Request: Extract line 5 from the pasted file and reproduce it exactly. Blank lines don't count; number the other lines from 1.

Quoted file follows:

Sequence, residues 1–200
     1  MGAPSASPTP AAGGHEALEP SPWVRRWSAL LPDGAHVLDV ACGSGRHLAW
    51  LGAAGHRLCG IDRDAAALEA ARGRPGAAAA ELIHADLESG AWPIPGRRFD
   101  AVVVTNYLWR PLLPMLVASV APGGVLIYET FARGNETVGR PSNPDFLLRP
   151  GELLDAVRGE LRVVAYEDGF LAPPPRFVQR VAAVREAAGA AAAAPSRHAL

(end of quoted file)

   151  GELLDAVRGE LRVVAYEDGF LAPPPRFVQR VAAVREAAGA AAAAPSRHAL